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The art of applied hope

David Orr has recently published an excellent essay, 'On Climate Change and Applied Hope' on the Centre for Ecoliteracy's website, which makes an important contribution to the call for action. Orr advocates a new rigour of leadership:

"that those who purport to lead us, and all of us who are concerned about climate change, environmental quality, and equity, treat the public as intelligent adults who are capable of understanding the truth and acting creatively and courageously in the face of necessity — much as a doctor talking to a patient with a potentially terminal disease. Faced with a life-threatening illness, people more often than not respond heroically. Every day, soldiers, parents, citizens, and strangers do heroic and improbable things in the full knowledge of the price they will pay. Much depends on how and how well people are led. Robert Greenleaf, one of the great students of leadership, put it this way: "It is part of the enigma of human nature that the 'typical' person — immature, stumbling, inept, lazy — is capable of great dedication and heroism if wisely led."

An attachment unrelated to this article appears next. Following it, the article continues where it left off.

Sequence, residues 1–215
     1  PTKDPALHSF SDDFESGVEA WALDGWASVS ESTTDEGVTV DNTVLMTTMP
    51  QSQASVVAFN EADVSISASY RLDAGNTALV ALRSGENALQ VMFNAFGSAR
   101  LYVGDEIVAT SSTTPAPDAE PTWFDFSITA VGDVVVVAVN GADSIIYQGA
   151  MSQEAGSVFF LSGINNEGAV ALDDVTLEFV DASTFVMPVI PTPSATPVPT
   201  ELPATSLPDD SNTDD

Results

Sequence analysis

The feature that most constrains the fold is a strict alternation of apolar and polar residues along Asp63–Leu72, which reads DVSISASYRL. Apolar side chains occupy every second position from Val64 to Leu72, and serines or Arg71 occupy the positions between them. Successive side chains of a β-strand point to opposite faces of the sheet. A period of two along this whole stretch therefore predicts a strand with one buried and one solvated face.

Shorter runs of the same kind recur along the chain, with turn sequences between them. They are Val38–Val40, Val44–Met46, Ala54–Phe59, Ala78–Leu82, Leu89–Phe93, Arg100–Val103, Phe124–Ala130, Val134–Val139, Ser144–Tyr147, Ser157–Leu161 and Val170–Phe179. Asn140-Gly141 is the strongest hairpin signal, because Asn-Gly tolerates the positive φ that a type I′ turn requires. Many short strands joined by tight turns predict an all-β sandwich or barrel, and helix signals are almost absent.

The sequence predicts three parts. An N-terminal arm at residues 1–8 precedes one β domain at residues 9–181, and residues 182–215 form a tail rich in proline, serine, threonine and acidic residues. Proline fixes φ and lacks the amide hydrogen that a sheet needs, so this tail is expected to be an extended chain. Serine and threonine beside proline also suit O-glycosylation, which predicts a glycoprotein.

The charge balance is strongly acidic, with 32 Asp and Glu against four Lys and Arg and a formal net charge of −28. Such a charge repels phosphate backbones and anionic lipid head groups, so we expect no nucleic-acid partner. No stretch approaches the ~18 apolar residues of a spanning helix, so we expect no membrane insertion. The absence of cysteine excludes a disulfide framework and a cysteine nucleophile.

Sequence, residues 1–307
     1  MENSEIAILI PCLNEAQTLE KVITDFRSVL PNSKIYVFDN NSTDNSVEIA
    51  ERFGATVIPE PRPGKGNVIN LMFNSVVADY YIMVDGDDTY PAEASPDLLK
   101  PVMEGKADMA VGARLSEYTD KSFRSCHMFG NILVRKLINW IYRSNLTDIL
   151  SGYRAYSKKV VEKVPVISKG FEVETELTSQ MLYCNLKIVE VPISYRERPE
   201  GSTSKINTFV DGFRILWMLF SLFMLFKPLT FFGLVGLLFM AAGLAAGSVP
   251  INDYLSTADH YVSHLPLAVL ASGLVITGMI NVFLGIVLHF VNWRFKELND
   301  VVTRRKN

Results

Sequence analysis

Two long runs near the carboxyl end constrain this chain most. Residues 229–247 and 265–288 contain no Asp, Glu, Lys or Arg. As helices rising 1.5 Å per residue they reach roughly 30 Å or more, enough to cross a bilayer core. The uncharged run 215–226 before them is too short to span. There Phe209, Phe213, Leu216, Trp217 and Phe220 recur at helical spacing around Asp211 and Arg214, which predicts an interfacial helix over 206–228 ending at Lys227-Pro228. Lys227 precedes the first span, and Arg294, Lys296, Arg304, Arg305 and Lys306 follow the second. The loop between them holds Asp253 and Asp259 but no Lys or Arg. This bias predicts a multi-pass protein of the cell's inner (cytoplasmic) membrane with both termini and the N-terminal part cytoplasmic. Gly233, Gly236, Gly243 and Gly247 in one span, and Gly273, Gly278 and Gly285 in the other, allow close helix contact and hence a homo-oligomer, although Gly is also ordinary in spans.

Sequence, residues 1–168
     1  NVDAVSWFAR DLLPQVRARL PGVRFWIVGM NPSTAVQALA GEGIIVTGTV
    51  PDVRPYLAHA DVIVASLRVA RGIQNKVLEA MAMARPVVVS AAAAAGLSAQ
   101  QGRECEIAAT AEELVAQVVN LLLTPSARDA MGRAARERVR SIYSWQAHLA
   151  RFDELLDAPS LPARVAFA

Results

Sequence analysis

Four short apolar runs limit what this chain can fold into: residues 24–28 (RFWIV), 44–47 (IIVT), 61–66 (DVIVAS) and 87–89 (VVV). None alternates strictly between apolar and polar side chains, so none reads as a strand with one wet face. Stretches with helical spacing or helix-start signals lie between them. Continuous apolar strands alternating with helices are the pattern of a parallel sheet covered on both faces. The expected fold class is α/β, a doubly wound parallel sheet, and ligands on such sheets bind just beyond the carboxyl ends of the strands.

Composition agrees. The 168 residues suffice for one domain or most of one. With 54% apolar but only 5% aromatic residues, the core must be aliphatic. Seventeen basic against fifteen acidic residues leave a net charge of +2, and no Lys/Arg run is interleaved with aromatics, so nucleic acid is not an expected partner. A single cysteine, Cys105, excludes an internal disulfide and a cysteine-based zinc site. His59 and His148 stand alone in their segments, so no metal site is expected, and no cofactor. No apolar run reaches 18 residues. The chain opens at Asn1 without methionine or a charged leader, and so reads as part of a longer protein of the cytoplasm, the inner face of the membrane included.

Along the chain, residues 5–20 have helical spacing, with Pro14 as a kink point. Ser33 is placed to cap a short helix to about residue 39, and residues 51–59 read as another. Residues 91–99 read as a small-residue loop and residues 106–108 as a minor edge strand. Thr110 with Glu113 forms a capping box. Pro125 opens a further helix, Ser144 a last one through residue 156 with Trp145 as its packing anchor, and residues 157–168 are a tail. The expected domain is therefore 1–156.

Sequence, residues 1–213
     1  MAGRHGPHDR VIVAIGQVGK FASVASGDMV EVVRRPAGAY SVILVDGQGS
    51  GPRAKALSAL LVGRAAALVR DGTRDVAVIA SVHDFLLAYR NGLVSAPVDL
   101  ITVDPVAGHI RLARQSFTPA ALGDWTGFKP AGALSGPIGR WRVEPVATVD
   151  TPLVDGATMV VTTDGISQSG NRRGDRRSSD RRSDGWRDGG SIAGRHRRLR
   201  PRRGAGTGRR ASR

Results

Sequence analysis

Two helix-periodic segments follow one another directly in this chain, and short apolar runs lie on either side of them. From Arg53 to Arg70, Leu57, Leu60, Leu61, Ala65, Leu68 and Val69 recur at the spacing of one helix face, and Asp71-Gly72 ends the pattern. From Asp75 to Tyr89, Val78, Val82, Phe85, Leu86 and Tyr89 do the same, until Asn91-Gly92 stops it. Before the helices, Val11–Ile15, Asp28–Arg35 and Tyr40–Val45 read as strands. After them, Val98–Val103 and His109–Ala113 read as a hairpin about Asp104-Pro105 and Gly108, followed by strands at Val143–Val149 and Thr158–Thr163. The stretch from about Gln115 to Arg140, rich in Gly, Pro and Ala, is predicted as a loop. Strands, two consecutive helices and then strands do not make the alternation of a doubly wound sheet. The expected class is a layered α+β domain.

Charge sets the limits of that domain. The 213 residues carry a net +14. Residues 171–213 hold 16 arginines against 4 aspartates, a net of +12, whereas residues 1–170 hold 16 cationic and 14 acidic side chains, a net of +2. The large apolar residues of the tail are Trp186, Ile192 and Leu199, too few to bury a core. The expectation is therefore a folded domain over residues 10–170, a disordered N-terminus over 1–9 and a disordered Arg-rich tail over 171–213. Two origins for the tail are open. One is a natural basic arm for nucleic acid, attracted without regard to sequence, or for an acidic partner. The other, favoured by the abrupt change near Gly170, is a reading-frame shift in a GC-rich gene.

The Do Lectures and our work at EcoSapiens is centered on the principle of sharing enough contextual information with people in communities, business and government for them to know whats happening, then support the development of the quiet, strong leadership that's needed to make change.

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